With help from Daniel Lippman
SBA TO SHUTTER RESTAURANT RELIEF FUND: The Small Business Administration told restaurants Wednesday night that on July 14 it will shut down the portal for businesses to apply for pandemic relief through the Restaurant Revitalization Fund, after it failed to provide grants to more than two-thirds of applicants for the aid.
— The winding down of the program comes as a pair of industry groups, the Independent Restaurant Coalition and the National Restaurants Association, continue to push heavily for a bill that would pour another $60 billion into the depleted fund on top of the initial $28.6 billion infusion. Both groups said today that they hope the fund’s closure adds more urgency to that effort, which has the support of 175 lawmakers so far, by reinvigorating grassroots support for refilling the program’s coffers.
— Sean Kennedy, the top lobbyist for the association, acknowledged in an interview that it could be difficult breaking through the intense focus in Washington on infrastructure negotiations — and Kennedy didn’t think it likely the extra funding would be included in any infrastructure bill. Still, he said the trade group would continue to fight to get lawmakers’ attention. In the meantime, he said the group is lobbying on a number of other fronts to help the industry recover — from encouraging visa reforms to help staff restaurants looking for workers to pushing for loosened international travel restrictions to get tourists back into establishments.
— Erika Polmar, executive director of the IRC, called on Congress to “finish the job” to assist restaurants that were turned away from the program due to lack of funding. “The pandemic is not over and we still need help,” she said in a statement. In the agency’s email to grant applicants on Wednesday, SBA said it had received more than 370,000 requests for aid, though it was able to provide funding to only around 105,000 — fewer than a third of applicants. SBA said it would keep businesses’ applications in the portal for processing if the program receives more funding.
— One of the program’s chief sponsors in Congress, Rep. Earl Blumenauer (D-Ore.), also called for speedy action in a statement to PI. “Hundreds of thousands of local restaurants still desperately need help to keep their doors open,” he said, applauding the refill bill’s broad bipartisan support. “But time is ticking,” he added. “We need to act now before it’s too late.”
EXXON DISAVOWS LOBBYIST’S SECRETLY RECORDED COMMENTS ON CLIMATE: ExxonMobil’s chief executive on Wednesday rushed to clean up secretly recorded comments from one of the oil giant’s longtime in-house lobbyists, Keith McCoy. McCoy unknowingly told a green activist group posing as headhunters that the company’s support for a carbon tax is underpinned by the belief that it would never be enacted and discussed watering down clean energy provisions in infrastructure bills while describing trade associations as an industry “whipping boy.” (The latter claim will surely only energize shareholder groups who have already won a record number of votes this year seeking to compel greater transparency into corporations’ political spending, Roll Call reports.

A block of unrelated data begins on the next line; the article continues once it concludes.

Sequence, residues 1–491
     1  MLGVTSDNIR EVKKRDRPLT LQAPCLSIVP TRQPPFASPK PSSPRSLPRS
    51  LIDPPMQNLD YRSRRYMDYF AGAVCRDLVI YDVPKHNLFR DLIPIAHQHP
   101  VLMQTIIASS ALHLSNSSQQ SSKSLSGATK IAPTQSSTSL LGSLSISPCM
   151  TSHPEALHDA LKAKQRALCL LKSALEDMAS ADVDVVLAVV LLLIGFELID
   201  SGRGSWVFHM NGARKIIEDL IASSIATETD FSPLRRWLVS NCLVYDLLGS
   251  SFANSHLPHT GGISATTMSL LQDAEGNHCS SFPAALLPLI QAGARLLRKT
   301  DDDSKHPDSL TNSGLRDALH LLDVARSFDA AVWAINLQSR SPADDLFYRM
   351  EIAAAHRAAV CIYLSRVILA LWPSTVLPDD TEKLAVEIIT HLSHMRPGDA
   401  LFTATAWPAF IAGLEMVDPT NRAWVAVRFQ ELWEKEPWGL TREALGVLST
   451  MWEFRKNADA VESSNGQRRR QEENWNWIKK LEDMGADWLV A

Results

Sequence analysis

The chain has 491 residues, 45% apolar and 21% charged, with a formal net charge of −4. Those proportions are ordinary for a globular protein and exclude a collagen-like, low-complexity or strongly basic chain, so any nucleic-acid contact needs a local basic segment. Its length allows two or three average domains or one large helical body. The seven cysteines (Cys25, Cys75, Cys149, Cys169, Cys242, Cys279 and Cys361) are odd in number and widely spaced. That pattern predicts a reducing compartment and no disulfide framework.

— The assertions from McCoy “in no way represent the company’s position on a variety of issues, including climate policy and our firm commitment that carbon pricing is important to addressing climate change,” CEO Darren Woods said in a statement, which described McCoy as having never been involved with developing Exxon’s policy positions.
— In recordings of a conversation with an arm of Greenpeace U.K. published by the group and a British news outlet, McCoy, who previously spent more than a decade as an energy lobbyist for the National Association of Manufacturers, likened plying lawmakers to fishing, using issues like infrastructure as “bait” to get in the door before he would “reel them in.” He boasted that “I make sure I get them the right information that they need so they look good. And then they help me out,” calling lawmakers a “captive audience. They know they need you. And I need them.” McCoy also described crafting relationships with lawmakers to enable requests for staff to help with anything from sending letters to introducing legislation. “You name it, we’ve asked for everything,” he said.
— “We condemn the statements and are deeply apologetic for them, including comments regarding interactions with elected officials,” Woods said in his statement, calling them “entirely inconsistent with the way we expect our people to conduct themselves.” In a post on his LinkedIn page McCoy sought to walk back some of the comments, of which McCoy said he was “deeply embarrassed.” McCoy apologized but argued that some of his remarks were taken out of context and “clearly do not represent ExxonMobil’s positions on important public policy issues.”
FIRST IN PI — ACCOUNTABLE.US CALLS FOR PROBE OF PERDUE LAND DEAL: Liberal watchdog group Accountable.US is joining calls for an investigation into former Agriculture Secretary Sonny Perdue’s purchase of a grain storage plant from agriculture giant Archer-Daniels-Midland for a fraction of what the land was worth just after being nominated to head the USDA. The transaction was chronicled in a Washington Post investigative report this week after the group tipped off the paper to the sale, and its publication quickly raised ethics concerns about whether ADM, a lobbying force in Washington, was seeking to curry favor with the likely secretary — an accusation the company denied.